Unexplained lesions in a 54-year-old woman
A 54-year-old woman presents for an initial consultation. She has multiple chronic disorders, including type 2 diabetes mellitus and hypertension, for which she takes various medications—none of which are new. Skin lesions are noted on her arms and legs. When questioned about them, she says that she has had them for “a long time.” These lesions are somewhat itchy and are aggravated by the patient’s “rubbing” them. She denies any fever, sore throat, vaginal discharge, or previous dermatologic disorders.
Multiple lesions are identified all over her body in no specific pattern; however, they are bilateral and symmetric. The lesions are in different stages of healing, but most are scarred over. After further questioning, the patient says that she has impulses that compel her to “rub” at her skin. She seems embarrassed by the lesions but does not think that they require medical treatment.
What's your diagnosis?
ANSWER: NEUROTIC EXCORIATION
Neurotic excoriation is also known as “skin picking.” It is classified as an impulse-control disorder not otherwise specified (NOS) in the Diagnostic and Statistical Manual of Mental Disorders, 4th Edition, Text Revision (DSM-IV-TR). The lesions are self-inflicted and may be weeping, crusted, or in different stages of healing with postinflammatory changes in skin pigmentation.
NEUROTIC EXCORIATION: A BRIEF OVERVIEW
Skin picking is usually undertreated and underreported because patients are embarrassed and ashamed of their behavior. The extent of dermatologic injury represents the degree of distress experienced by the patient: the worse the skin damage, the higher the overall level of stress. The duration of episodes ranges from minutes to as long as an hour a day. Medical complications from skin picking include bleeding and secondary infection. Some of the underlying psychiatric diseases associated with neurotic excoriation include body dysmorphic disorder, anxiety, depression, and obsessive-compulsive disorder (OCD). First-line treatment consists of psychotherapy and selective serotonin reuptake inhibitors (SSRIs).
Trichotillomania. Patients with trichotillomania pull out their own hair. The repetitive course of the disease eventually causes noticeable hair loss. DSM-IV-TR classifies trichotillomania as an impulse control disorder. Patients experience relief of tension when they pull out their hair, and the more they try to resist pulling out their hair, the more tension it causes. Some of the underlying psychiatric conditions that can accompany trichotillomania include adjustment disorder, eating disorder, anxiety, and depression. SSRIs are the first-line treatment along with psychotherapy.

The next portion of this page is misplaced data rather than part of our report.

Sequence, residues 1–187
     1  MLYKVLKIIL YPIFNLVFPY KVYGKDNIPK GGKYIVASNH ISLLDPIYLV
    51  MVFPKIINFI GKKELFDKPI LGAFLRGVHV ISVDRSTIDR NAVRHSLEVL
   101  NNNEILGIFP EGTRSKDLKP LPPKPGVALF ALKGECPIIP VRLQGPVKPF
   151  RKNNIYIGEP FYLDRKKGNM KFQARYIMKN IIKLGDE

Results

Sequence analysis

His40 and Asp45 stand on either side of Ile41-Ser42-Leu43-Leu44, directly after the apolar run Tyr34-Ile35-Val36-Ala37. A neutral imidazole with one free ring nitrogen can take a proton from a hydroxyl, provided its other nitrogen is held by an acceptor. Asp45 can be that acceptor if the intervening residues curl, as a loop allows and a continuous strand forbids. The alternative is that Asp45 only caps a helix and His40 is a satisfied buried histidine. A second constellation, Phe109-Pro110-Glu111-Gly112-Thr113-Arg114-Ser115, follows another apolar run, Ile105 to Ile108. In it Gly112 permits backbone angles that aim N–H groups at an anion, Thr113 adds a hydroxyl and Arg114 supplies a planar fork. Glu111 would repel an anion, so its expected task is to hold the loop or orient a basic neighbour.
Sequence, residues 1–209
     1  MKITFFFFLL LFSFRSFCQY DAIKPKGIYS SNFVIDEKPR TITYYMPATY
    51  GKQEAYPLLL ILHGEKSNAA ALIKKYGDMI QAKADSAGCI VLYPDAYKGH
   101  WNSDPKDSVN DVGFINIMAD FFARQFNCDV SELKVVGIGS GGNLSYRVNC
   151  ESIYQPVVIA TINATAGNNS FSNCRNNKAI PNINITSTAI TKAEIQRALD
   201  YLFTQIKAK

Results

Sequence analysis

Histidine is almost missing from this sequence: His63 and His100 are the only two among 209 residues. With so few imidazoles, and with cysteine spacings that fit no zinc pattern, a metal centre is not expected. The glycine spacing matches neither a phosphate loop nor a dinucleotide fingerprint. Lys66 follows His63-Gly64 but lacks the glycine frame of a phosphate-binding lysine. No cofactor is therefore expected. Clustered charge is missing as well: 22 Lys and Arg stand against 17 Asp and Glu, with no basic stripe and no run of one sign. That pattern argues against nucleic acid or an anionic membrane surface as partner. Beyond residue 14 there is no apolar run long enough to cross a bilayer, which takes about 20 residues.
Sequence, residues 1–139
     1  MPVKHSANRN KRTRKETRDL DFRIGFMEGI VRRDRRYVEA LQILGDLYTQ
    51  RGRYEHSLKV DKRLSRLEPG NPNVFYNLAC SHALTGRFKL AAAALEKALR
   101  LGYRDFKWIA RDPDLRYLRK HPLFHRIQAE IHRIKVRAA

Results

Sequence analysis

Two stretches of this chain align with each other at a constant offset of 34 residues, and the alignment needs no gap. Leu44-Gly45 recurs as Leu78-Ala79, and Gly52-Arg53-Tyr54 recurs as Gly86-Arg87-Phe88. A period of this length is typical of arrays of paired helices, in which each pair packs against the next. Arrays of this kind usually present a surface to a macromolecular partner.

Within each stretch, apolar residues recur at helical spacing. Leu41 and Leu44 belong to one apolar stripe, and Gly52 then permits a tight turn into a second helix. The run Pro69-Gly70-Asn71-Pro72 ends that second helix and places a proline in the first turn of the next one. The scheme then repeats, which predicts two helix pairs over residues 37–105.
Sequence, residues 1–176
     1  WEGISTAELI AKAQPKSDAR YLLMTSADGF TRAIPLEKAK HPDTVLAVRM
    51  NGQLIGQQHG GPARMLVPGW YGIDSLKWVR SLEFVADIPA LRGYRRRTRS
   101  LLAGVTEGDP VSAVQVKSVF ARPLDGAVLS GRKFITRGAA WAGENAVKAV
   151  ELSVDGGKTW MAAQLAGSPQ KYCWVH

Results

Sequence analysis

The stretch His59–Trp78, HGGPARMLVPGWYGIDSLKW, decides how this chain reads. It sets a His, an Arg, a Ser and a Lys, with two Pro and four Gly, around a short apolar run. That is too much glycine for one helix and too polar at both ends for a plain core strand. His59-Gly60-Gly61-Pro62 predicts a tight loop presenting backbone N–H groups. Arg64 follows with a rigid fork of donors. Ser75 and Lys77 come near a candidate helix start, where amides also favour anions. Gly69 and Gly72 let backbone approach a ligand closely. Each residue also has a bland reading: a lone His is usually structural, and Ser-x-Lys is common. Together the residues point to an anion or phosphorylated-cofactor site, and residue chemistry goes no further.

Dermatitis artefacta. This is a factitious disorder in which patients inflict the lesions on themselves but typically deny that they did it. The condition is usually associated with an underlying psychiatric disorder, such as OCD, borderline personality disorder, depression, psychosis, or mental retardation. According to some studies, dermatitis artefacta is up to 20 times more prevalent in women than in men.1 Patients can cause the lesions in numerous ways; they can burn, pick, cut, pinch, or bite themselves. They may also apply chemicals to their skin to cause the lesions. The lesions are usually asymmetric and within reach of the patient’s dominant hand.
Psychogenic pruritus. In this cyclical disease, stress can cause pruritus and pruritus can cause stress. When the stressor is applied, it causes the release of histamine, leading to changes in skin temperature, sweating, and blood flow. Some of the underlying psychiatric conditions associated with psychogenic pruritus are anxiety, depression, and obsessive or aggressive behavioral disorders. Cognitive-behavioral therapy and antidepressants are the mainstay of treatment.
1. Ehsani AH, Toosi S, Mirshams Shahshahani M, et al. Psycho-cutaneous disorders: an epidemiologic study. J Eur Acad Dermatol Venereol. 2009;23:945-947.
FOR MORE INFORMATION:
1. Jafferany M. Psychodermatology: a guide to understanding common psychocutaneous disorders. J Clin Psychiatry. 2007;9:203-213.
2. Lane KL, Thompson A, Reske CL, et al. Reducing skin picking via competing activities. J Appl Behav Annals. 2006;39:459-462.
3. Neziroglu F, Rabinowitz D, Breytman A, Jacofsky M. Skin picking phenomenology and severity comparison. J Clin Psychiatry. 2008;10:306-312.